But from what I have seen, as time went on, there were fewer leaders available with much scouting training.  And therefore quality dropped. The expense of training including time for parents who were already booked heavily in other ways was unreasonable, imo. 

Thanks, but maybe more appropriate for a different thread?

The same can be said of adult leaders in the current AP program. I admire adults who magnify their callings with the youth even when it might be inconvenient or require sacrifice. In my experience as a Scout and as a long-time leader, it was always made clear that what we did was “for the boys.” 

 I hope the new program is successful in fostering that attitude. It certainly paid off for my grandson and his family. 

Edited by Bernard Gui
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1 hour ago, Calm said:

Would you like me to delete?  I am fine if so.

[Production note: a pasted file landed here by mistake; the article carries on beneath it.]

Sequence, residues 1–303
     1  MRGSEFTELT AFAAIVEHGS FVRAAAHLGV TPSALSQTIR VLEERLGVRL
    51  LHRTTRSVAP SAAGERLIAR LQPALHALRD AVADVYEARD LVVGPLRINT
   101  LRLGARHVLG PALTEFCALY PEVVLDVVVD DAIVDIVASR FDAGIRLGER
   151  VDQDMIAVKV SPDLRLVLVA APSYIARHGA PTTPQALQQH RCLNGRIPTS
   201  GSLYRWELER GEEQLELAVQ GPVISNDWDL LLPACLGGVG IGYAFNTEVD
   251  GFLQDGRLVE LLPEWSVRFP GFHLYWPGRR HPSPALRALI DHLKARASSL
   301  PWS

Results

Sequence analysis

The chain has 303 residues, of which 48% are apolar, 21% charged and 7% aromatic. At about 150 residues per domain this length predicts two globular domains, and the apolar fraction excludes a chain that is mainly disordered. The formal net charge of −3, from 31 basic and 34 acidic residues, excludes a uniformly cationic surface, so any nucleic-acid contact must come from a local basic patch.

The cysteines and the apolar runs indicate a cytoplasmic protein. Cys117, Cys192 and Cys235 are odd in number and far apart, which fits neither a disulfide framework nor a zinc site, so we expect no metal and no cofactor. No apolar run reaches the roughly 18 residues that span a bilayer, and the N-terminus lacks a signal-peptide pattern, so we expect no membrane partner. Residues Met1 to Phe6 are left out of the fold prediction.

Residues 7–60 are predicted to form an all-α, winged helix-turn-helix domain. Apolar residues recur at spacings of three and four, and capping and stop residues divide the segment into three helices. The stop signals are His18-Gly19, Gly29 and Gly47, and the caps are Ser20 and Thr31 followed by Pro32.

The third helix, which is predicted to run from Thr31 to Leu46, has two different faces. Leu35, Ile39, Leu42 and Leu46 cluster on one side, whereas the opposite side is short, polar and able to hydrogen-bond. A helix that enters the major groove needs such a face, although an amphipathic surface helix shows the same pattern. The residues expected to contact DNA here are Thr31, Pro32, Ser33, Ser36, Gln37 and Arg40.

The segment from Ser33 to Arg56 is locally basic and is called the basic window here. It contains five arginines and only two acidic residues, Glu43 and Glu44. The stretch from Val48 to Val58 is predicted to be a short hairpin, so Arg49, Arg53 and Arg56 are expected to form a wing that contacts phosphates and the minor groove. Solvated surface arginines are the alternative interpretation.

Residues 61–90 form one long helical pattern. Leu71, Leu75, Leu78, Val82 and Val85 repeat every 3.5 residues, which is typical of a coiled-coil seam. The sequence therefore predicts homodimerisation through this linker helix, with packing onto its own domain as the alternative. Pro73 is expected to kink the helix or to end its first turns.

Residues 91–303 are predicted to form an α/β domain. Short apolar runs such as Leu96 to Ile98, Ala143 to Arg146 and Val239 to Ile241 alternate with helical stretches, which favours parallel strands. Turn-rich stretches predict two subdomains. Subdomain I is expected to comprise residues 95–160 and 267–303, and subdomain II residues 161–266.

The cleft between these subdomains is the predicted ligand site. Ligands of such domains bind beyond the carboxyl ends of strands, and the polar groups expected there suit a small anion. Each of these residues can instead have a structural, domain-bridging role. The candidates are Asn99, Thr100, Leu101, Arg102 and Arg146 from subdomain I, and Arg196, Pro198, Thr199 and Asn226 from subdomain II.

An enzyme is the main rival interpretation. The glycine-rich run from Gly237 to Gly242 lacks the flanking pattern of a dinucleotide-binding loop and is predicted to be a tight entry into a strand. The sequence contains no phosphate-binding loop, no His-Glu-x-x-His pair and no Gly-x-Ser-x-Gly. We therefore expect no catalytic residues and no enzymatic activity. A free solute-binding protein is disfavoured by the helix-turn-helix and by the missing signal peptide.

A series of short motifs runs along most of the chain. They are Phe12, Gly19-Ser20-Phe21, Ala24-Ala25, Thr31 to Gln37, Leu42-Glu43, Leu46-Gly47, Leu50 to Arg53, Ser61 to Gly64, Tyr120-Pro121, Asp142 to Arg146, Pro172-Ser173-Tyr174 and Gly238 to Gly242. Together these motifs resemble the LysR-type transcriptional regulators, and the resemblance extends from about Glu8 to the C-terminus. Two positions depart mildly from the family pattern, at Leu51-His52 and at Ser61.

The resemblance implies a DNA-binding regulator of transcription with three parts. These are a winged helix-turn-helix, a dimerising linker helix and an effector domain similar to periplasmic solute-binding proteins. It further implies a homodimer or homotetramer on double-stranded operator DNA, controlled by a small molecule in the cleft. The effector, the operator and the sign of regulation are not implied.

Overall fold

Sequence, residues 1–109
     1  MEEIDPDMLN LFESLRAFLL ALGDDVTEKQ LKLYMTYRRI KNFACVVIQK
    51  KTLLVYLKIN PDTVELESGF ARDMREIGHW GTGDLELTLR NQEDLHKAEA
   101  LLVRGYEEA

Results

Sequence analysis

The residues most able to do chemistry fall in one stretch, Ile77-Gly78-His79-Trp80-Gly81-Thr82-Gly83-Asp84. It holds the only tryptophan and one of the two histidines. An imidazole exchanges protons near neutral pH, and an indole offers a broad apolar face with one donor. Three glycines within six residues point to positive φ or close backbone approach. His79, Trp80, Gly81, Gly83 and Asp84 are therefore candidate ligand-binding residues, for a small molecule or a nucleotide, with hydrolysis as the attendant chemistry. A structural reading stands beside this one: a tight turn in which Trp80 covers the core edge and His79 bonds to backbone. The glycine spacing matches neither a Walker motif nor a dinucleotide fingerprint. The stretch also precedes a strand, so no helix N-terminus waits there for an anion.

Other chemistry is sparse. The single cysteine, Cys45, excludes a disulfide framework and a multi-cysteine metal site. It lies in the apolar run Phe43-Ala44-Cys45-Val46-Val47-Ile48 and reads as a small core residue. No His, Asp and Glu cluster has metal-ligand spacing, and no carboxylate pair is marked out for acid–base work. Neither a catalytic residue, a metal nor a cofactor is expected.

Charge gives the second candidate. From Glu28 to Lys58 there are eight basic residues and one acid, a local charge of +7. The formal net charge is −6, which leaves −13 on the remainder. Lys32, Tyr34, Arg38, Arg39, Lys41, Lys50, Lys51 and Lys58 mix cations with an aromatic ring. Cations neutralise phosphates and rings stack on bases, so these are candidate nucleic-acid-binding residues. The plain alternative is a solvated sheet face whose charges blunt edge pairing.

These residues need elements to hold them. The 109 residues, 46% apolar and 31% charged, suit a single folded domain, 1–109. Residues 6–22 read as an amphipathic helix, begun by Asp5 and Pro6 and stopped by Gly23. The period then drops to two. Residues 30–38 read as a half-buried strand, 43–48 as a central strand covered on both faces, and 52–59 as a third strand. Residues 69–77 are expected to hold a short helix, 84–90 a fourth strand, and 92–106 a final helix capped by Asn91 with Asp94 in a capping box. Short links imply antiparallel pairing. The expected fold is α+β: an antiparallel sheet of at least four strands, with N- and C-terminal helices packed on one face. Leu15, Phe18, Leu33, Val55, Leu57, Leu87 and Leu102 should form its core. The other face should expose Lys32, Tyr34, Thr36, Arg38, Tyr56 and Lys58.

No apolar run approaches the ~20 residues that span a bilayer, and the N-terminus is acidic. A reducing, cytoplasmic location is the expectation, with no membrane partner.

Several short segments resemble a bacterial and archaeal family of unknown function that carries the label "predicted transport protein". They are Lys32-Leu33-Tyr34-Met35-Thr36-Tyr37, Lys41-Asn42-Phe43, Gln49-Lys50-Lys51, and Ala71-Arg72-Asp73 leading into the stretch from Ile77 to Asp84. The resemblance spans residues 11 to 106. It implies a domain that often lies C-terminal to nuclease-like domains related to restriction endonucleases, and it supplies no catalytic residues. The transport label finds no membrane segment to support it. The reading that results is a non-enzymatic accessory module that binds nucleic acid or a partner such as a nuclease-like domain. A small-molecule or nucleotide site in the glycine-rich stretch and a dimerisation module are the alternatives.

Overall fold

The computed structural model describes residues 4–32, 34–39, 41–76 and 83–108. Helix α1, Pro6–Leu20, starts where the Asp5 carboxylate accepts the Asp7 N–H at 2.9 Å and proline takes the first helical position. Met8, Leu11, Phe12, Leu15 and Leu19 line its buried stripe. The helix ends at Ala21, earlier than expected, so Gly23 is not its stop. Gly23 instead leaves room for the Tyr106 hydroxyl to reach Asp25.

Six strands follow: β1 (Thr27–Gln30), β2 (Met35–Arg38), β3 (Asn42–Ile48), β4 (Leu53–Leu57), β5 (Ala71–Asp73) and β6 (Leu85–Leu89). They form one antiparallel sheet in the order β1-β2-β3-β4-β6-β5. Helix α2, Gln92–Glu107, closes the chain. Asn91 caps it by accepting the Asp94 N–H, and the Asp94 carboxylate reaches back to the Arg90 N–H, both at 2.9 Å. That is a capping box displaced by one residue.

I don't think it was wrong for this thread, what you said! 

About the topic, and to save my allotment of posts, I'll add that I am excited to see that they will do something similar to scouting! My boys never got their eagle, nor did my husband, all of them got all the way to just short of their eagle, and helped all of the other boys get theirs. We didn't hold over a driver's license or ? to get them to get it, nor did we do much to help them other than encourage them because we'd seen other parents do a lot of the work. My husband was in scouting for years, and I was so happy that he was there. I was a Den Leader and enjoyed that so much! Young men need these experiences, but hoping they will be ultra careful to make sure there isn't abuse or neglect. I bet that is totally being handled. 

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On 9/21/2020 at 1:43 AM, Bernard Gui said:

Did Scouts in your ward make concerted efforts to earn their Eagle before the deadline? Our stake has some who have formed a non-LDS troop to continue in Scouting. Do you have any?